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Growing Innovation: Issue 4, April 4, 2016

Macadamia growers hold the key to success

If you’re smart enough to avoid repeating the same mistake twice, you’re going to be a good farmer.

In the 40-odd years Greg James has been around macadamia farms, those are the words he’s learnt to live by.

He and his wife operate an acclaimed farm in Knockrow, Northern NSW.

In 2013, their operation attracted the prestigious Australian Macadamia Society Large Grower of the Year Award – which is based on high ‘saleable’ (and low ‘reject’) kernel per hectare. Last year, the pair’s crop was listed in the top five of the same category.

However, business hasn’t always been booming.

“I’ve been through three major crashes during the time I’ve been in the industry.” This, Greg said, has taught him to never be complacent.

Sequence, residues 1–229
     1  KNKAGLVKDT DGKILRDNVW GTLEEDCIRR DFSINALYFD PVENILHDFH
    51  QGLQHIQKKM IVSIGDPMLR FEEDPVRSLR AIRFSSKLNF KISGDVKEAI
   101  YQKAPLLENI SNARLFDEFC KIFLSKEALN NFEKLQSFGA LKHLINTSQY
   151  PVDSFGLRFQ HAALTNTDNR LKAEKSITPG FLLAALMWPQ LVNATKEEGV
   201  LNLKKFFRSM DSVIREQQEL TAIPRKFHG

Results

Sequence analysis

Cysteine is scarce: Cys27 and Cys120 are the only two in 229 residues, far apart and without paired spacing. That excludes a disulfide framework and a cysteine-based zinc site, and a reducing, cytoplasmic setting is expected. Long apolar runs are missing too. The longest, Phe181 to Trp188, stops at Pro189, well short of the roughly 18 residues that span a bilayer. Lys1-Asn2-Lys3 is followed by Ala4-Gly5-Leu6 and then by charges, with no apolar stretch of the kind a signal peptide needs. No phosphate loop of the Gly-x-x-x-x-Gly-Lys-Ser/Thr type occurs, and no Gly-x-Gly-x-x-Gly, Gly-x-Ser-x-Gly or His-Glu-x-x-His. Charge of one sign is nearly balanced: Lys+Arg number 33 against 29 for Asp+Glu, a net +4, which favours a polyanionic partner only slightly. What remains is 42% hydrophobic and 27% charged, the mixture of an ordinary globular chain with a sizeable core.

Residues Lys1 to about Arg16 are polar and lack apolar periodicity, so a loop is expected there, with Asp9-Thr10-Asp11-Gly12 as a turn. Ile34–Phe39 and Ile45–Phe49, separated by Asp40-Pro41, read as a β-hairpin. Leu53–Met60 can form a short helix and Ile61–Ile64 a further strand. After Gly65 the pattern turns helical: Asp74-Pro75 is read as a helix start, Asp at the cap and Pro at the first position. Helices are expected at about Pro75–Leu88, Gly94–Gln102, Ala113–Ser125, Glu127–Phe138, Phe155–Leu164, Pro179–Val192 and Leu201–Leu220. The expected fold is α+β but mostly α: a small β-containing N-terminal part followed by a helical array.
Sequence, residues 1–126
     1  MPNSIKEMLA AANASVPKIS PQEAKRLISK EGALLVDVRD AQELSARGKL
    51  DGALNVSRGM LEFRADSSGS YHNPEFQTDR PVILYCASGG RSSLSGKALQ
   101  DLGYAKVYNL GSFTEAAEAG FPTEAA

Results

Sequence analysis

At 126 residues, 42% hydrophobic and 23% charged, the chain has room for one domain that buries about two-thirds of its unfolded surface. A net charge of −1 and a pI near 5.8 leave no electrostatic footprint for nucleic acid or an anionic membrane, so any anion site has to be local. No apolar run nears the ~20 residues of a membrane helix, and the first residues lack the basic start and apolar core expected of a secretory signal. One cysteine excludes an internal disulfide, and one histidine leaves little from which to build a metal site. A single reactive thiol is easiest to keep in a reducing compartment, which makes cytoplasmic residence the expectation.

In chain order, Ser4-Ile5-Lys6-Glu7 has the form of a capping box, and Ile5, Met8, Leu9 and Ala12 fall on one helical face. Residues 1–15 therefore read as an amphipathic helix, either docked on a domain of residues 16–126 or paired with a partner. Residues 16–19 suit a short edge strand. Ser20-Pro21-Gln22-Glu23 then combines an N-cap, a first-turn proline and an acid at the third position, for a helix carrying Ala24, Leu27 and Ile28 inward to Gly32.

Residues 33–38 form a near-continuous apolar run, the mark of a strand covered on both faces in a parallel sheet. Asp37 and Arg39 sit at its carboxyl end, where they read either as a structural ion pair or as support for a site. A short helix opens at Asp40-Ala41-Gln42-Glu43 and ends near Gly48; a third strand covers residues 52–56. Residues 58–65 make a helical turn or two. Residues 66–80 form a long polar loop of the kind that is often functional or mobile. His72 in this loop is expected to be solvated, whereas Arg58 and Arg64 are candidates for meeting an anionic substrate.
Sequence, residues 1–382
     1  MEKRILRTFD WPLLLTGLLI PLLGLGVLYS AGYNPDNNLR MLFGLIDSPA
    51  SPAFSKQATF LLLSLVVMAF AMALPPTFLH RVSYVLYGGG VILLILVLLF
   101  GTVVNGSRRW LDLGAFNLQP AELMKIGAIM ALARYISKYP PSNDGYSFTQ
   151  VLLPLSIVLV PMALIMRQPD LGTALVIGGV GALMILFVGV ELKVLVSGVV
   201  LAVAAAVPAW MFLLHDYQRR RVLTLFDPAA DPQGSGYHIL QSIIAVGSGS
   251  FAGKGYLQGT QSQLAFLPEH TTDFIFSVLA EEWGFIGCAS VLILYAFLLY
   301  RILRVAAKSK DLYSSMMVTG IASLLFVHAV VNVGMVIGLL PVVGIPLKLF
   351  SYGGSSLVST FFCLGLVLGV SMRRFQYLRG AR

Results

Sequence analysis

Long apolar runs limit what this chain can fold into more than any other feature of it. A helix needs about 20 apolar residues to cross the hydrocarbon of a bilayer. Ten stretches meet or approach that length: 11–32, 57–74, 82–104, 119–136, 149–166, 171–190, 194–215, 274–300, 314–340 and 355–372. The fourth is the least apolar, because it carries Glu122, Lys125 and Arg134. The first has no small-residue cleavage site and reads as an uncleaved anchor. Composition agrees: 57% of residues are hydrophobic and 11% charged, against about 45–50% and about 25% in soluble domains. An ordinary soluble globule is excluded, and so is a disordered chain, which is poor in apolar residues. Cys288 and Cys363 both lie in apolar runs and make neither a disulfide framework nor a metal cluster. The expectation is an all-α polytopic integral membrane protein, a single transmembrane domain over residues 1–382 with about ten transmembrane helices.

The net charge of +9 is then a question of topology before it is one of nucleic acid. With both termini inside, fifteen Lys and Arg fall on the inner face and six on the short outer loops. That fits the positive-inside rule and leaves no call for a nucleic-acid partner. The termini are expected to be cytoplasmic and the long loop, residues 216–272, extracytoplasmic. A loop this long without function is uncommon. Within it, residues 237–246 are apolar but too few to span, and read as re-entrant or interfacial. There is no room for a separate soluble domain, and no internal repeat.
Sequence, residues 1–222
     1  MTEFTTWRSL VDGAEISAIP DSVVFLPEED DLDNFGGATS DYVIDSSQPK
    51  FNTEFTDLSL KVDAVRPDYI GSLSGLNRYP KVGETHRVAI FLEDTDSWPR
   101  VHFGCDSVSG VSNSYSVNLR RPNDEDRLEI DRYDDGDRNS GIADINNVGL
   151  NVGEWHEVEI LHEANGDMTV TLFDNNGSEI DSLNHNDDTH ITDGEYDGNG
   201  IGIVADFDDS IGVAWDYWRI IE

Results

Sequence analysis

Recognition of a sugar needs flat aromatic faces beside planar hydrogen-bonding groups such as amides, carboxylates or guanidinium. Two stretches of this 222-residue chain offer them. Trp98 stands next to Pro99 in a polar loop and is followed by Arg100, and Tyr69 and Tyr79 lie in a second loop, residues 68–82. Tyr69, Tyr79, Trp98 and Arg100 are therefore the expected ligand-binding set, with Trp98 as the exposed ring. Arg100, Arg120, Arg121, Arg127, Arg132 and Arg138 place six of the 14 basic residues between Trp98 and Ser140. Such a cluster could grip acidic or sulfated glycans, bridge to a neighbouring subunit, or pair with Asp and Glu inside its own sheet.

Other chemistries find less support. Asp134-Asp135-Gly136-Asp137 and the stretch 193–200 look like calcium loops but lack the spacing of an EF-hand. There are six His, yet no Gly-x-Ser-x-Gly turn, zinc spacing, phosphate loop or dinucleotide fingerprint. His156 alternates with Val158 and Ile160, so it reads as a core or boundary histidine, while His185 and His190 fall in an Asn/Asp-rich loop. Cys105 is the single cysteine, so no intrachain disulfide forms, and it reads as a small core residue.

“One of the main things in farming is profitability,” he said. “Don’t be a tight arse. We spend a lot on our orchard; our average output is high because of our inputs.”

At the time of print, Greg and Joanne were getting ready to start their 2016 harvest. In the months leading up to that moment, they had been moving, checking root stocks, putting in a last lot of fertiliser and getting the harvesting equipment ready. The husking shed had also been prepped, and weather permitting, they were good to go.

The 28-hectare business, James Macadamia Pty Ltd, normally produces up to 140 tonnes of macadamias per year. Each year, the dehusked nuts are sold to a local processer, and distributed all over Australia, and the world.

Keen on- and off-road motorbike riders, Greg and Joanne often embark on trips in Australia and overseas during the off-season. A couple of times they’ve been surprised, but kind of delighted, that people overseas haven’t tasted the nut.

“The advantage of macadamias is supply is below demand, and they’re a world-wide commodity. We haven’t flooded the market yet, and that’s great. We recently went to Ireland and some people there hadn’t heard of them – that’s the potential for macadamias.”

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